When training camp opens for the New Jersey Devils, it will be interesting to see how the forward lines and defensive pairings take shape. On offense, there is a good amount of continuity from last season, so we might expect to see some similar line combinations at the start. Might see either Jack Hughes or Nico Hischier center Janne Kuokkanen and Yegor Sharangovitch for a top line, and the other on a second line with the newly acquired Tomas Tatar and perhaps Jesper Bratt. With Tatar as the only true addition to the Devils forward corps, there might not be too many shakeups outside of one winger dropping out of the top six to make way for the Slovakian.
The defense, however, will be a different matter. Only half of the really consistent defenders from last season remain, those being Damon Severson, PK Subban, and Ty Smith. Otherwise, you bring in Dougie Hamilton and Ryan Graves this offseason, and then you have Jonas Siegenthaler who only played 8 games with the Devils last season. So really, the pairings could go many different ways. Hamilton, Subban, and Severson are the RHDs, while Graves and Siegenthaler are the LHDs, with Smith most likely to also play on the left side given this current lineup.
With that in mind, it seems to me like an ideal top pairing for this team could easily be Smith and Hamilton. There’s almost no doubt that Hamilton will anchor the top pairing, so you’re looking at either Graves, Siegenthaler, or Smith playing with him, and for me at this point, I don’t see why not for Smith. His numbers last season, despite being a rookie, were some of the better numbers for a defender on the team. His 5v5 CF% ranked second among all defenders with at least 200 minutes played, second in 5v5 relative CF%, third in 5v5 relative xGF% and relative SF%, and he had the most power play points and minutes among all defenders. Those are numbers you want from a top pairing defenseman, and they prove that he would be a worthy partner for Hamilton. He wouldn’t be dragging him down, and instead they could really work well together, forming into a formidable pairing.
The most exciting part about that is the potential long term positive effects of that pairing. Hamilton is signed until the end of the 27-28 season, and Smith is only 21 and should be around for a long time as well. If all things go well, he will be with the team for at least that long. That would be many years to work together and grow, develop, and improve. They could become one of the more dominant pairings in the NHL for a half decade if all went right. The potential is clearly there: Hamilton is one of the best all-around defenders in the NHL, and Smith has the potential to be an all-star in this league. They would be able to produce points at a good clip together, both also being power play quarterbacks, but they would also do a solid job in their own end, with the ability to tilt the ice back in New Jersey’s favor.
The other positive about this is that Smith, in the short term, would be learning from one of the best. If you want Smith to improve and get better in year 2 and beyond, as Gerard discussed the other day, then what better way to do that then to pair him up with the best defender on the team, one who could show him the ropes both offensively and defensively. Smith can see up close and personal how things are done properly on the ice, and what needs to be done to be successful in a first pairing role. Of course, Hamilton would also make him better by default, locking down his end of the ice, so that couldn’t hurt right there.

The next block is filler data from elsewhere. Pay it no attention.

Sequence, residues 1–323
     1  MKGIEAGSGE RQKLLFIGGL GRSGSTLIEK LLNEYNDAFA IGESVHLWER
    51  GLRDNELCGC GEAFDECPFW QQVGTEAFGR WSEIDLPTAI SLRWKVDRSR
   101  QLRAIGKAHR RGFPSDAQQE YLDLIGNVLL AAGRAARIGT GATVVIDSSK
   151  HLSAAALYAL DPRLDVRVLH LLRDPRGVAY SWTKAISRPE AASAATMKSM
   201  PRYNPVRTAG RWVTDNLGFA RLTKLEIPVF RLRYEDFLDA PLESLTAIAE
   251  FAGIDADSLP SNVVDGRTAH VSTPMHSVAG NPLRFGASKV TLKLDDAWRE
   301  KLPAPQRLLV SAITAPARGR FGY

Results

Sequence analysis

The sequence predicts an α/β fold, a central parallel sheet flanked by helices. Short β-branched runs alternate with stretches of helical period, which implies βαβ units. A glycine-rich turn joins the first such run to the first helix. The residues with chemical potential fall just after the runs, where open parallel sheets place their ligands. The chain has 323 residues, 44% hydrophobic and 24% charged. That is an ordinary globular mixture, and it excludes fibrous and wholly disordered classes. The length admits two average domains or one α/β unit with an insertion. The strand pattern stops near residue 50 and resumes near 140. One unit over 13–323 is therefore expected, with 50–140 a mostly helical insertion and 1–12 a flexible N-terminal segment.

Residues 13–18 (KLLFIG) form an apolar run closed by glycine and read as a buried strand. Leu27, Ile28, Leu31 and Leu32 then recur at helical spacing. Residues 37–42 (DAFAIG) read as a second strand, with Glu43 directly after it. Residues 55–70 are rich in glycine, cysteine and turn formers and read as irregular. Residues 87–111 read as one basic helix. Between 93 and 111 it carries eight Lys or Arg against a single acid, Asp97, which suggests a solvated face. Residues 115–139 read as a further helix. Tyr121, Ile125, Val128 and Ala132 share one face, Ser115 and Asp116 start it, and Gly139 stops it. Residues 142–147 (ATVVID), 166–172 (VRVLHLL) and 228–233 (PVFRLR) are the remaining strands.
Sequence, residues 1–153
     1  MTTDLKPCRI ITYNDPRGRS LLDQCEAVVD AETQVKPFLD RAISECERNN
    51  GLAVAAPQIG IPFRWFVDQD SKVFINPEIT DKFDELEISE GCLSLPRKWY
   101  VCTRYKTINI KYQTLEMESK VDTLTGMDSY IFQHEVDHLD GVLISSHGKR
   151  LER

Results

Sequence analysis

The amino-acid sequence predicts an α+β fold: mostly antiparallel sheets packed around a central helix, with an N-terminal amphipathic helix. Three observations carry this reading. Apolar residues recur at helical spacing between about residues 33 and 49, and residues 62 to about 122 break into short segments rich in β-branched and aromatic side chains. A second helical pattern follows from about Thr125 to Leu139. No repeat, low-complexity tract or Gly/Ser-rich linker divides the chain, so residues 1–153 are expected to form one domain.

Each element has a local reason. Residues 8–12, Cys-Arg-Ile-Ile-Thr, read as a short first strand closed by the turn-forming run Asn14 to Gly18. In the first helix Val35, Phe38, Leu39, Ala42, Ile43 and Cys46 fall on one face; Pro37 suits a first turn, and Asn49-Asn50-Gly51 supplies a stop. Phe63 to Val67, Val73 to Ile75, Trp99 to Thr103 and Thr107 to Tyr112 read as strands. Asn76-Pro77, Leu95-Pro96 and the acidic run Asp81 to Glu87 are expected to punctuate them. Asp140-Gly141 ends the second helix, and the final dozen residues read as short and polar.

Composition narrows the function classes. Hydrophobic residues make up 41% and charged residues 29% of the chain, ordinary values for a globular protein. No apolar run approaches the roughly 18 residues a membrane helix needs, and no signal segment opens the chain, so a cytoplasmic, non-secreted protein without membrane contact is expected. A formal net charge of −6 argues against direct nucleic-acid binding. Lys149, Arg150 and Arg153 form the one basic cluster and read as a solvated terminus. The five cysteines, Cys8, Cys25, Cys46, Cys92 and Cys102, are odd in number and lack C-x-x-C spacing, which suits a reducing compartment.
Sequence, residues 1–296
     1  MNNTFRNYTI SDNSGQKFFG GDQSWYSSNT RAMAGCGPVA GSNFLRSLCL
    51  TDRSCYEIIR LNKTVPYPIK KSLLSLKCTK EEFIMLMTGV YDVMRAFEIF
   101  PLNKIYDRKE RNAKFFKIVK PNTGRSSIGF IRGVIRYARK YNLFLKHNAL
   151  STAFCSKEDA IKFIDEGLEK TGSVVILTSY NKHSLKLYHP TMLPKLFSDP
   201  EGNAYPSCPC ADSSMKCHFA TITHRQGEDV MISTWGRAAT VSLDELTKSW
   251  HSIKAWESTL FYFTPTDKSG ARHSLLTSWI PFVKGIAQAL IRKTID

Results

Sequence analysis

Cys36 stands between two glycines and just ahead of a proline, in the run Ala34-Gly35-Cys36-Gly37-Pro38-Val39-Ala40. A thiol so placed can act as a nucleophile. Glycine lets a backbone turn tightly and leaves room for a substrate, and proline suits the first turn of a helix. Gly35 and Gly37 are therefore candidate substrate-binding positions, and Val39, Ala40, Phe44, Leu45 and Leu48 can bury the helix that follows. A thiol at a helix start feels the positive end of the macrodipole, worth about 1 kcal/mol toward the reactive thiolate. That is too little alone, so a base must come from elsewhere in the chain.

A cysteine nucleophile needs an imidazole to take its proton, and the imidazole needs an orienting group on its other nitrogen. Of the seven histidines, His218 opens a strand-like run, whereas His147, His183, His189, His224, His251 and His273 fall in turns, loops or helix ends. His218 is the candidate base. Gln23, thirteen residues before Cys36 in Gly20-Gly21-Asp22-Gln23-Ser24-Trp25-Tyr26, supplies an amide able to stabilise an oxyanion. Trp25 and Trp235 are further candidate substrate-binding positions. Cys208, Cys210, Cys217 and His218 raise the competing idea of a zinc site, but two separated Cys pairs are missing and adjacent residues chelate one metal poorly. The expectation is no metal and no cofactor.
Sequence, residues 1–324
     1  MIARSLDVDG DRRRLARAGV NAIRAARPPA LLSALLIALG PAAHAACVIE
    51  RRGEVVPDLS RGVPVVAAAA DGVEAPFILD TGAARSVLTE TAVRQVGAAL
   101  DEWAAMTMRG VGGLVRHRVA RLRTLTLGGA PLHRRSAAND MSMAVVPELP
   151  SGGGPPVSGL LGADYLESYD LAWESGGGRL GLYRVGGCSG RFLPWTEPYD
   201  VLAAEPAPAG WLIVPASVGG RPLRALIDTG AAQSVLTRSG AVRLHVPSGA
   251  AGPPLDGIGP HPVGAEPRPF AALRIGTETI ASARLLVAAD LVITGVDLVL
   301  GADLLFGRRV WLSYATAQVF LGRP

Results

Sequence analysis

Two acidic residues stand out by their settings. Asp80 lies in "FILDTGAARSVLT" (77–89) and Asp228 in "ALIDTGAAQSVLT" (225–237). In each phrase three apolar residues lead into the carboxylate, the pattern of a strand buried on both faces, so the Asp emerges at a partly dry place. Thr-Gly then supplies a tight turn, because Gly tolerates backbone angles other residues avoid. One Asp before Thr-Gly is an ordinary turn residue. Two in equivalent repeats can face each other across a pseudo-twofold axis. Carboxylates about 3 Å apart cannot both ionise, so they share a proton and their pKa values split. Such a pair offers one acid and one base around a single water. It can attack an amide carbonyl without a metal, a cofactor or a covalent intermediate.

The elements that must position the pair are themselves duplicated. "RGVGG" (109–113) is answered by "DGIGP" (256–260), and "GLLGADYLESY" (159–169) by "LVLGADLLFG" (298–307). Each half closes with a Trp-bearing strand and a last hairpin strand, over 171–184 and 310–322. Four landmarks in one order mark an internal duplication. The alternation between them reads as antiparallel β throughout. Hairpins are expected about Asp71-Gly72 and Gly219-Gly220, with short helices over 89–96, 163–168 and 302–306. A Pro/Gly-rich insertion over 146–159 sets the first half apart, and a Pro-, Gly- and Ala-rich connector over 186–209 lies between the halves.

Now, to mention potential issues, if you look at that Natural Stat Trick link from above, you will see that Smith was the most sheltered defender last year. He had an offensive zone faceoff percentage of 54.66% at 5 on 5, highest of any defender with at least 200 minutes. The only other defender above 50% was Will Butcher. So if he wants to become a true first pairing defender, he will have to showcase that he can produce similar, if not better, numbers despite receiving more defensive zone draws. Of course, Lindy Ruff will want to put Hamilton and Smith out there for as many offensive zone faceoffs as possible too, as both are excellent at producing points and working in the offensive end. So maybe being sheltered this past season is not really a concern here.
But in reality, who else is the coaching staff throwing on the top pairing with Hamilton? The other LHD options are Siegenthaler and Graves. Graves had a -2.13 relative CF% last year on Colorado to go along with a -5.01 relative xGF%. He was not a driver on the Colorado defense, but more of a passenger in these scenarios. This isn’t to say that he is a bad player and the team shouldn’t have traded for him, but it also implies that maybe he would not be the best option to play heavy minutes on the top pairing. The other option, Siegenthaler, only played in 15 NHL games last season, 7 for Washington and 8 for the Devils. Is that really the person you want to put on the top pairing over Ty Smith, who had a very quality rookie season? I would think not.
So in the end, barring other roster moves, I would think that Smith should be the current shoe-in for top pairing minutes with Hamilton, and I think that this would be the right move. Give him some serious learning opportunities this season to grow and develop. If we look at this season as the one to load up, and next year when we are really serious about seeing the birth of a perennial playoff contender, then it makes sense. This is the year for Smith to learn how to be a top pairing guy, and this is the year for Smith and Hamilton to gel together and learn how to be a dominant pairing together. Then, if all goes well, you’re looking at a pairing that could work wonders for the Devils for several seasons to come, and that is an exciting prospect indeed.